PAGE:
Lead Wing's BMW E30

Post by leadwings » Fri, 14 Jan 2011, 00:16

ImageImageImageImage

User avatar
leadwings
Groupie
Posts: 34
Joined: Wed, 19 Nov 2008, 13:44
Real Name: Malcolm Reeson
Location: Perth

Lead Wing's BMW E30

Post by leadwings » Fri, 14 Jan 2011, 00:18

ImageImageImageImageImage

User avatar
leadwings
Groupie
Posts: 34
Joined: Wed, 19 Nov 2008, 13:44
Real Name: Malcolm Reeson
Location: Perth

Lead Wing's BMW E30

Post by leadwings » Fri, 14 Jan 2011, 00:24

ImageImageImageImage

User avatar
a4x4kiwi
Senior Member
Posts: 772
Joined: Thu, 03 Jan 2008, 19:04
Real Name: Malcolm Faed
Location: Australia
Contact:

Lead Wing's BMW E30

Post by a4x4kiwi » Fri, 14 Jan 2011, 05:29

Well done. Excellent job!.

Very good schematics also.
Silicon is just sand with attitude.

Blog: http://malfunction.faed.name

User avatar
leadwings
Groupie
Posts: 34
Joined: Wed, 19 Nov 2008, 13:44
Real Name: Malcolm Reeson
Location: Perth

Lead Wing's BMW E30

Post by leadwings » Fri, 14 Jan 2011, 18:58

Thanks for the kind words. Figure the schematics may be of use to others. Did them in excel, if anyone wants a native copy PM me.

User avatar
a4x4kiwi
Senior Member
Posts: 772
Joined: Thu, 03 Jan 2008, 19:04
Real Name: Malcolm Faed
Location: Australia
Contact:

Lead Wing's BMW E30

Post by a4x4kiwi » Fri, 14 Jan 2011, 21:34

I would like to do an E30 next if I can find the perfect motor. Still looking and it may take a while.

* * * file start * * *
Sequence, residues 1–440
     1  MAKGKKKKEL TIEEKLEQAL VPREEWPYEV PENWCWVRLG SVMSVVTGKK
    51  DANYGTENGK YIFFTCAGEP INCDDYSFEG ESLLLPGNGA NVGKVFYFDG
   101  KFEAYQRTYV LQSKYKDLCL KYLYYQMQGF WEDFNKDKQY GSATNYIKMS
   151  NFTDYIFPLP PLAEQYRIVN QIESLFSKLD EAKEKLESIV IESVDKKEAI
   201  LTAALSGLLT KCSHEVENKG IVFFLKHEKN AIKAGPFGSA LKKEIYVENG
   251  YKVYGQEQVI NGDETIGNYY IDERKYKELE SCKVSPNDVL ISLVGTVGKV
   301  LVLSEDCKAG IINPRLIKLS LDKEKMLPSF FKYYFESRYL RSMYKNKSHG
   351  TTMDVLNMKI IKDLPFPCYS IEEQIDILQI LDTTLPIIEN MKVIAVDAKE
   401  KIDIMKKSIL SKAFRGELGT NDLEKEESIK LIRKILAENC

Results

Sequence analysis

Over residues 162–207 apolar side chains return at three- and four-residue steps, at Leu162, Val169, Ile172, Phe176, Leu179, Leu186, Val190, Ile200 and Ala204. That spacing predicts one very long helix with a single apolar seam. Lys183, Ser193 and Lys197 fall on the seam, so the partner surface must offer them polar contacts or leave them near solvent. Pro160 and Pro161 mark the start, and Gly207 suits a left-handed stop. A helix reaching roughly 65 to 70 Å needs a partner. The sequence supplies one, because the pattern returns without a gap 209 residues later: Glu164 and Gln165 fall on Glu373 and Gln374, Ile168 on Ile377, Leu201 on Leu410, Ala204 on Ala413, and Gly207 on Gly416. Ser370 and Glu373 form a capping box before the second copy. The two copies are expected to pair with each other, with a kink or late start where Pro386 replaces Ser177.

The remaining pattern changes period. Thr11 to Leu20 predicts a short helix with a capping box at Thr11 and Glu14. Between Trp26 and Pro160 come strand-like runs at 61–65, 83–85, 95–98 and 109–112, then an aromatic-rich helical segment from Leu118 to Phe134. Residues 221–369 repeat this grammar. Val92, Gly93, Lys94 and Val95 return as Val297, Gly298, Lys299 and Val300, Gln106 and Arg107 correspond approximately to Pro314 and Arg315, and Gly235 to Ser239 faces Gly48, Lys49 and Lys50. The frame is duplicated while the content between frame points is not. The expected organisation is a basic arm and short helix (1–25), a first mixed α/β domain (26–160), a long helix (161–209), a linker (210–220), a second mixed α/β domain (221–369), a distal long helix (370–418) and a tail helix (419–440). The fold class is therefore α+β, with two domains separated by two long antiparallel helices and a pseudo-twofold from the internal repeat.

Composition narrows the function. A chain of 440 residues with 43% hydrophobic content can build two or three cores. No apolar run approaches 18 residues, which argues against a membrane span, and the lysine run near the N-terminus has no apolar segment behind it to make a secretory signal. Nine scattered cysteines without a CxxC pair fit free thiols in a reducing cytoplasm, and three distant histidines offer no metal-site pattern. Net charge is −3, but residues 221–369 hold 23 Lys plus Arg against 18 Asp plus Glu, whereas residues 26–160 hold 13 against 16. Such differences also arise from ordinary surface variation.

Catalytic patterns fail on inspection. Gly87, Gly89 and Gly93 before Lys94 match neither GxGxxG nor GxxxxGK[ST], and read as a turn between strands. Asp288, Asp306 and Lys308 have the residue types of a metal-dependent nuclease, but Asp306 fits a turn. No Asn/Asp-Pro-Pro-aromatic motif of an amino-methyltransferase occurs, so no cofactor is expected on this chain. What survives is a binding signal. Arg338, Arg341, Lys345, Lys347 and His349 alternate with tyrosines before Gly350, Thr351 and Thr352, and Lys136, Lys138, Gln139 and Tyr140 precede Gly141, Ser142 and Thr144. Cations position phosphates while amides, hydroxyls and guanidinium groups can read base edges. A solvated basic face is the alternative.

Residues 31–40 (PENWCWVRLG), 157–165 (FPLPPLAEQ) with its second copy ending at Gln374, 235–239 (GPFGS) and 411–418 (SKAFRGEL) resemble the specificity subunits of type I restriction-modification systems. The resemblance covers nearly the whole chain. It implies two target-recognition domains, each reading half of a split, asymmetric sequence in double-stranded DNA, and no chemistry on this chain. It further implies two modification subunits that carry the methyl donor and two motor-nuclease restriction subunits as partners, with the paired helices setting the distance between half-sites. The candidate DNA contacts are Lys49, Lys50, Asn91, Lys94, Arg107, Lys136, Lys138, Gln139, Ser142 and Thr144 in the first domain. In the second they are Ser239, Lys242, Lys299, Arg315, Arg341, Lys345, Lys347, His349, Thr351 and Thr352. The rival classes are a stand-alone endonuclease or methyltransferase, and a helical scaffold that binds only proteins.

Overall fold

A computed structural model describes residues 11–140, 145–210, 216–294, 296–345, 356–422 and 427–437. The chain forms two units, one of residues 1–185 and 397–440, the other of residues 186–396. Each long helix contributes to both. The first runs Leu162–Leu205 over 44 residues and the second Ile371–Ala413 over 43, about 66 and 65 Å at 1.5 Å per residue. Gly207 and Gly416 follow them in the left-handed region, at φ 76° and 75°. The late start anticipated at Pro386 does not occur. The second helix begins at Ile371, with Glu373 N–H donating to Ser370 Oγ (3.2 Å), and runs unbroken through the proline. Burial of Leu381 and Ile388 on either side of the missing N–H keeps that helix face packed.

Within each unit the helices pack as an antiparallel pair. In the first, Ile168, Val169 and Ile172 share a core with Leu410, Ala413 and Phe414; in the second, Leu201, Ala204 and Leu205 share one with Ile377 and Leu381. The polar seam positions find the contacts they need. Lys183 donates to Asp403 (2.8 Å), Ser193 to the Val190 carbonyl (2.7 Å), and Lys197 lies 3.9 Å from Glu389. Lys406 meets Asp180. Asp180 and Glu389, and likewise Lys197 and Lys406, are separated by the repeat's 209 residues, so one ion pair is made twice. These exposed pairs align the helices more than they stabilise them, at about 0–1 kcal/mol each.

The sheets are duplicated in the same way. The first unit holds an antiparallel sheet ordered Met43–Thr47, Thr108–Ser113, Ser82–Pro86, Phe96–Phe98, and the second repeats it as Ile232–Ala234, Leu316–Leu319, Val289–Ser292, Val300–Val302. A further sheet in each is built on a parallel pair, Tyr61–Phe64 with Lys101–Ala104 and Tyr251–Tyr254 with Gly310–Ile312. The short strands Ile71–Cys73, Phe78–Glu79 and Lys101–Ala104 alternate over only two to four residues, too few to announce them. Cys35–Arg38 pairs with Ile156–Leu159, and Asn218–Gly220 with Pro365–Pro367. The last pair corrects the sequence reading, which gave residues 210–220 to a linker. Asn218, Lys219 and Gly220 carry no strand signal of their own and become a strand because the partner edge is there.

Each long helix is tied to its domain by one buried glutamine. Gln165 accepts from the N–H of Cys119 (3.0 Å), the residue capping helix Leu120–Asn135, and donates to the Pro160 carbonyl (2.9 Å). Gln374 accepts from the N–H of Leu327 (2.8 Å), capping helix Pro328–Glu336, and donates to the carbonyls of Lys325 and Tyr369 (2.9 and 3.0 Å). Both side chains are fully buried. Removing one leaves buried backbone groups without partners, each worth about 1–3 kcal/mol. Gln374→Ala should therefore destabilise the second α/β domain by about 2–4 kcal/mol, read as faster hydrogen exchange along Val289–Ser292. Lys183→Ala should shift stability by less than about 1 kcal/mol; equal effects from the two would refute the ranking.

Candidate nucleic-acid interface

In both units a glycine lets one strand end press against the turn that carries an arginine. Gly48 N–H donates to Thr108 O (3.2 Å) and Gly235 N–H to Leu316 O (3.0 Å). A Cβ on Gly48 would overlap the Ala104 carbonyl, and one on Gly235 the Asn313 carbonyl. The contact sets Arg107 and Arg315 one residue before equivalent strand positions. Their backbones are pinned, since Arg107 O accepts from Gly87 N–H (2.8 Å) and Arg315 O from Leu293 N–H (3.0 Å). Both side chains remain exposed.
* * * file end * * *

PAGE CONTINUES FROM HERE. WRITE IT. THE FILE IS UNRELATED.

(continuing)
Silicon is just sand with attitude.

Blog: http://malfunction.faed.name

algea07
Noobie
Posts: 1
Joined: Wed, 08 Dec 2010, 00:16

Lead Wing's BMW E30

Post by algea07 » Wed, 26 Jan 2011, 21:15

this is a very nice car, very clean.

did you have much trouble building the motor mounts? i was thinking of doing a direct drive with a kostov dual 9" with a soliton in either a BMW 3 serias or a Merc. i was thinking that i would just have to strip the car myself then take the car and the motor to a mechanic and say put them together. How mush did it cost to install yours?

Did you have much troble regestering the EV, i'm from victoria so i guess they will be simelarish standerds. I would hate to build it then not be able to drive it.

User avatar
leadwings
Groupie
Posts: 34
Joined: Wed, 19 Nov 2008, 13:44
Real Name: Malcolm Reeson
Location: Perth

Lead Wing's BMW E30

Post by leadwings » Thu, 27 Jan 2011, 17:48

a4x4kiwi wrote: I would like to do an E30 next if I can find the perfect motor. Still looking and it may take a while.


Motor I am using (Advanced DC FB-4001) works really well and matches the vehicle weight etc. Gives good performance (better acceleration than the petrol motor) even in direct drive.

User avatar
leadwings
Groupie
Posts: 34
Joined: Wed, 19 Nov 2008, 13:44
Real Name: Malcolm Reeson
Location: Perth

Lead Wing's BMW E30

Post by leadwings » Thu, 27 Jan 2011, 17:59

algea07 wrote: this is a very nice car, very clean.

did you have much trouble building the motor mounts? i was thinking of doing a direct drive with a kostov dual 9" with a soliton in either a BMW 3 serias or a Merc. i was thinking that i would just have to strip the car myself then take the car and the motor to a mechanic and say put them together. How mush did it cost to install yours?

Did you have much troble regestering the EV, i'm from victoria so i guess they will be simelarish standerds. I would hate to build it then not be able to drive it.


I was lucky and EV Works allowed me to use their workshop (and hoist) to strip the car myself, then I left it with them to mount the motor and build the battery boxes.

I toyed with the idea of buying a welder and doing it myself, but the alignment of the motor is critical, and it has to restrain a lot of torque, so recommend you get it done properly.

Also they were then able to sign off on the battery boxes being good for the 20g impact requirements etc.